There have been lots of programmes and documentaries which have focused on physical health, and with almost two million people being diagnosed with bipolar, this was an insightful documentary following the lives of three people who suffer from the condition. Psychotherapist Philippa Perry wanted to uncover and understand what it is like to live with bipolar, and how far environmental factors were a cause.
Bipolar (formerly known as manic depression) is a condition that affects moods, swinging from from depressive episodes to mania. Before the 19th Century, mania and depression were treated as separate afflictions, and people were often treated in asylums. In this documentary, we follow three brave people to discover what it is like to live with the diagnosis.
First we meet Paul, who has bipolar I. In his mania, we learn that he has spent hundreds of thousands of pounds in varies business schemes. When Philippa first meets him, he challenges the label and sees himself as divine and god-like. We dig further into his past; a talented and successful golfer and multi-millionaire. Although Paul doesn’t believe he suffered any trauma during childhood, it becomes apparent his high expectations and that coming second was not an option – it was failure. Towards the end of the programme, Philippa Perry suggests that perhaps developing this ‘god like’ persona was an unconscious decision to cope with not always being successful.
We are introduces to Sian, who has been diagnosed with bipolar II. With bipolar II, delusional symptoms are rare and the less-intense elevated moods are called hypomanic episodes, or hypomania. She has attempted suicide three times. The documentary examines how far genetics come into play with the diagnosis. Joanna Moncrieff, from UCL, argues that although taking medication can be useful, it does not prove that bipolar has a biological basis. Up until now, Sian has been dependent on her medication to try and keep her stable. For the first time, she engages with talking therapies and finds a therapist that can help her make sense of these overwhelming emotions.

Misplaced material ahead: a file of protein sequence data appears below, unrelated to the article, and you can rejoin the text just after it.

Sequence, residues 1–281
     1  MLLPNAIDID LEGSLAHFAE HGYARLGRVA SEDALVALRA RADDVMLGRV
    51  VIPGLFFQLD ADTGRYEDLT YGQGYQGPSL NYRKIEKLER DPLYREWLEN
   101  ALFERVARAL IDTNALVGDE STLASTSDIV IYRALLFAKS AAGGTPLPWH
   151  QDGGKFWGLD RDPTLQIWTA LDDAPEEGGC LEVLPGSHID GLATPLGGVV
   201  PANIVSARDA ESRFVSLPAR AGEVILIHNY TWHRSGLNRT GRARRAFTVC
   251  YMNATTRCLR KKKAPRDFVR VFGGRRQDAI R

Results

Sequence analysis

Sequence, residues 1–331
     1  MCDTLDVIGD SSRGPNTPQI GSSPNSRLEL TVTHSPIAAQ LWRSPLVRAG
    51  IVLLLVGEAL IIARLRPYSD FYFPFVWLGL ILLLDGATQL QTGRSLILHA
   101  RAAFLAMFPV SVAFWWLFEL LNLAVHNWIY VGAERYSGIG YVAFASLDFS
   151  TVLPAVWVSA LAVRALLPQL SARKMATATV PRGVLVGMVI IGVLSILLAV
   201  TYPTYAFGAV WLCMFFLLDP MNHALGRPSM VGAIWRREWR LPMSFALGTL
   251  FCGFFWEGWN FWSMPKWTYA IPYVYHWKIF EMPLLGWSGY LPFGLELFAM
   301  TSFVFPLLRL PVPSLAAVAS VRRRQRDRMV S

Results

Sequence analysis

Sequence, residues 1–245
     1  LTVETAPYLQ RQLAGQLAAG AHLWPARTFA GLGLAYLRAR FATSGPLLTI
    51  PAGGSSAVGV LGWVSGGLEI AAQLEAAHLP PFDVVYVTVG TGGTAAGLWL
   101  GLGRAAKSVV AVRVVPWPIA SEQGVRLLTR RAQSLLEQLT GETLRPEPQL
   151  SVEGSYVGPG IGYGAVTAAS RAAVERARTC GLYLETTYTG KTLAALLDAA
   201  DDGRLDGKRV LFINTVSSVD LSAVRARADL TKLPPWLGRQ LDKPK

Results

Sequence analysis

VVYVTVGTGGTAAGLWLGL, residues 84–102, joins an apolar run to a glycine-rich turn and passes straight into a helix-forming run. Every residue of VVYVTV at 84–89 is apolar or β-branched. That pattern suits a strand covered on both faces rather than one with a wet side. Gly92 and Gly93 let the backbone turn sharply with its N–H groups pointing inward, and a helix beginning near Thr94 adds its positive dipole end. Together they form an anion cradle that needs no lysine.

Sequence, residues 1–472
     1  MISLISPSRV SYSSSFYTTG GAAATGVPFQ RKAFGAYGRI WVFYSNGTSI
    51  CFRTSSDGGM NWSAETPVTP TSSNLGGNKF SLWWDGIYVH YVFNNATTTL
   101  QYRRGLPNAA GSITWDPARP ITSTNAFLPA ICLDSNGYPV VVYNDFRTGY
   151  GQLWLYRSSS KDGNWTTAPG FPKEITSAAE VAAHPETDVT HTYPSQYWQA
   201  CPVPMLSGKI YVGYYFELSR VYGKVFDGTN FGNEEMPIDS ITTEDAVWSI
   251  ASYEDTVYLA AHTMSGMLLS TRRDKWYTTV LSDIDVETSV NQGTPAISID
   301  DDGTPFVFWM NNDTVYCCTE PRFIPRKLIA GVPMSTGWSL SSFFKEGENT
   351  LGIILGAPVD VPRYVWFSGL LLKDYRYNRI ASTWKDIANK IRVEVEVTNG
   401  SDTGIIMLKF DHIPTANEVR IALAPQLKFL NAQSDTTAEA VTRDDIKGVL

Medication and therapies have not helped Ashley. We find out that in his childhood he showed signs of ASD and was bullied at school. We see Ashley (who has bipolar II) swing from elation to crippling lows several times a day. He has been taking anti-psychotic medication since he was eight years old. Philippa Perry describes his experiences as ‘walking on a tight rope of ecstasy and pain.’ To Perry, Ashley is stuck in trauma with each depressive spell, and is re-living it over and over again.
We end with Perry examining the bipolar label. How useful is it? Paul, Sian and Ashley have bipolar but offer very different experiences and symptoms. Too often the label marks the end of self-exploration: it should be the beginning. Well done C4 for raising awareness of bipolar! I wonder if there will be a follow up?